5.29.2015

Where I Wax Poetic About Pegboard

In a post from a few days past, I mentioned how much I liked pegboard. From an organizational standpoint, pegboard can't be beat. I've got some going in several places in my garage. 

By the garage door.


By the door leading upstairs,


and over the workbench.

That's all nice and dandy but my love affair with pegboard goes way beyond its ability to display tools in an organized and orderly fashion. I find pegboard stylish, as long as it's done in a certain way (not cutesy).

Of course the early queen of stylish pegboard was Julia Child and hers was a lifelong love affair.

It appeared in her Cambridge, Mass Kitchen in 1962. This NYTimes article has a few more great pictures.

I don't know the exact year that the kitchen was tweaked to accommodate her cooking show but the pegboard stayed white at least through 1964. Photo source.


And then came that magical bluish green that Paul Child chose. I'm not sure if this wall above the tile was ever more blue or if this photo's color is off. Either way it reads well to me for two reasons. The pegboard takes up the entire wall so therefor looks like the wall itself and the color is subtle and sophisticated. Photo Source.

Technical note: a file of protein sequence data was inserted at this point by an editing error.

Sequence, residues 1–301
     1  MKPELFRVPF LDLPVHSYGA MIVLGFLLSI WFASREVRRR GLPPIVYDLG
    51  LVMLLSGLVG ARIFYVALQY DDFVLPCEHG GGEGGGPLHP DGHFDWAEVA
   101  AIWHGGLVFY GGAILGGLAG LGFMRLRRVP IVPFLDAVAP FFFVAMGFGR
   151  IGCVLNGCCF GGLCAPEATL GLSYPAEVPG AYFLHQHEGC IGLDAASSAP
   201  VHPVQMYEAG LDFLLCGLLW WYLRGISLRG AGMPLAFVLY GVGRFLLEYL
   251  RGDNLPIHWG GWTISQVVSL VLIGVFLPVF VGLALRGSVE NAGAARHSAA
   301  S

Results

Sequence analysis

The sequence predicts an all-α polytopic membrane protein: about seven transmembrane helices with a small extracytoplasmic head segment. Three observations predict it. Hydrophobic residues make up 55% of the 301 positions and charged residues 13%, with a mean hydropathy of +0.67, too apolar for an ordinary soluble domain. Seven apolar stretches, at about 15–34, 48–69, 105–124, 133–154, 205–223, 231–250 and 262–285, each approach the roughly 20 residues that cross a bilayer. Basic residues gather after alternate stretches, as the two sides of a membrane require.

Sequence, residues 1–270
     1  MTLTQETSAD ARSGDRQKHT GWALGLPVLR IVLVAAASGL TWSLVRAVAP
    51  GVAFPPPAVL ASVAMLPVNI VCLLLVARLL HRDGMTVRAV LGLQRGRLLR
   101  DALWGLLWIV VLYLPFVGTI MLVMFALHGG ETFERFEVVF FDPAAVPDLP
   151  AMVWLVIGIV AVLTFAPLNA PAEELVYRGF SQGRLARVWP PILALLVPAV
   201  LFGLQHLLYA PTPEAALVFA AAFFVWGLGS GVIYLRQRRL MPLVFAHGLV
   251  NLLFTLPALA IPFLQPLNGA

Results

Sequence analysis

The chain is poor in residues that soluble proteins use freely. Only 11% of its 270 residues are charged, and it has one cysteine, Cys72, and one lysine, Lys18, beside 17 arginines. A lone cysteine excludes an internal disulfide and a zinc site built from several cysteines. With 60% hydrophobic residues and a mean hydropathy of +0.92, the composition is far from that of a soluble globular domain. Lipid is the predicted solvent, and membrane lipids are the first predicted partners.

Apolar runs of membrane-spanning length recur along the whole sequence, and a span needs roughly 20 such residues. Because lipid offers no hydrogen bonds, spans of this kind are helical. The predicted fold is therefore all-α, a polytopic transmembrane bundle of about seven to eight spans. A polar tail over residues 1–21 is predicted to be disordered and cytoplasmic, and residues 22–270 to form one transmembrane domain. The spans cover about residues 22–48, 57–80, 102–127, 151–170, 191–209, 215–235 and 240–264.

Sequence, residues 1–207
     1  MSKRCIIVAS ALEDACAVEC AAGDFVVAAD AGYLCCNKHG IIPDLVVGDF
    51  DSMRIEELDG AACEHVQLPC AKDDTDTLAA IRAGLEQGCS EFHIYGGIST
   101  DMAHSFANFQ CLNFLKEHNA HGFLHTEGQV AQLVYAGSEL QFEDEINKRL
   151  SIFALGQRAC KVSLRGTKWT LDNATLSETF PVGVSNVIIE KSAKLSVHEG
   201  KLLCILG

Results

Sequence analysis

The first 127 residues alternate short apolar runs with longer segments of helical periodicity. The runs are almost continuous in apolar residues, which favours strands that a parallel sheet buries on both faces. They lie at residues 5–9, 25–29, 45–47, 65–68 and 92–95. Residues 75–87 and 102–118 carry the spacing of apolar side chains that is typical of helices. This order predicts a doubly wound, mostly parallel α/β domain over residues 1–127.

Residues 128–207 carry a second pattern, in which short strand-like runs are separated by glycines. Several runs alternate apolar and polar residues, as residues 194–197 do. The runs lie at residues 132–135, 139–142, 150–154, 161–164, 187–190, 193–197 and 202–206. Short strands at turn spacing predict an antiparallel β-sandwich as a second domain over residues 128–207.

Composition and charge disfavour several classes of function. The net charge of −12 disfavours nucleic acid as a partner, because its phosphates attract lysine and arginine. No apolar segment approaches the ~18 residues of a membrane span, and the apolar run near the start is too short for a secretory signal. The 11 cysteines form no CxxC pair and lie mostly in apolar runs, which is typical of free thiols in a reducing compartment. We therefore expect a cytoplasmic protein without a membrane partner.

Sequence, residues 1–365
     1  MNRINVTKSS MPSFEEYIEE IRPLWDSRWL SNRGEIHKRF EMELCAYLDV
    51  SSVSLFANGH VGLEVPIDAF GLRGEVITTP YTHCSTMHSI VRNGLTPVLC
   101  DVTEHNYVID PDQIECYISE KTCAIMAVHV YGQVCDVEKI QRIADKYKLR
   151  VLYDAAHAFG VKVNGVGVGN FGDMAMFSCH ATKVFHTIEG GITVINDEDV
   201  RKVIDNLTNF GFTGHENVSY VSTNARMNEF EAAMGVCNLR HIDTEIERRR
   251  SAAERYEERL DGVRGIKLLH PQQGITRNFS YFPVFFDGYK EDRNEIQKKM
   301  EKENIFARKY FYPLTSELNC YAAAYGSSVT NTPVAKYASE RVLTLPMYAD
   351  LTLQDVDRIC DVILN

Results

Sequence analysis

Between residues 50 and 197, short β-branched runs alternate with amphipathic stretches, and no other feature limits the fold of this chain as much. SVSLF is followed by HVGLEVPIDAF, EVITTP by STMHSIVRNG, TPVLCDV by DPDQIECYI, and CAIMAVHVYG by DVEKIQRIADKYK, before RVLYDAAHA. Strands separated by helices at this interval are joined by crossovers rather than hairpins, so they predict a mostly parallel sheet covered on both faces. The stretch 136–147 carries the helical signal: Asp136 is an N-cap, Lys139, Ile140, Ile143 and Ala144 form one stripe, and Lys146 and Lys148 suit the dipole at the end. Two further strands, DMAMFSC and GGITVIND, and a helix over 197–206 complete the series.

I also like the way her pegboard's color was elegant, yet she freely outlined her tools with pen in a nonchalant fashion so her display didn't feel uptight. Photo source.

Pegboard that is painted with a pattern or stenciled is a no-go for me. Personally I am most fond of the look of pegboard either painted matte black or left completely natural (actually, the backside of prefinished white pegboard has a really nice texture to it). And I think it looks best when it covers an entire wall so that it reads as part of the architecture of the room.

For me, this is perfection. This laundry and storage room is by Commune Design. The utilitarian application of the pegboard draws very heavily from the 50's but at the same time this room is modern and fresh. Those sliding doors would be pretty ordinary and uninspiring if they were solid, but in pegboard they're textural and visually interesting. This image makes me want to redo my laundry room.

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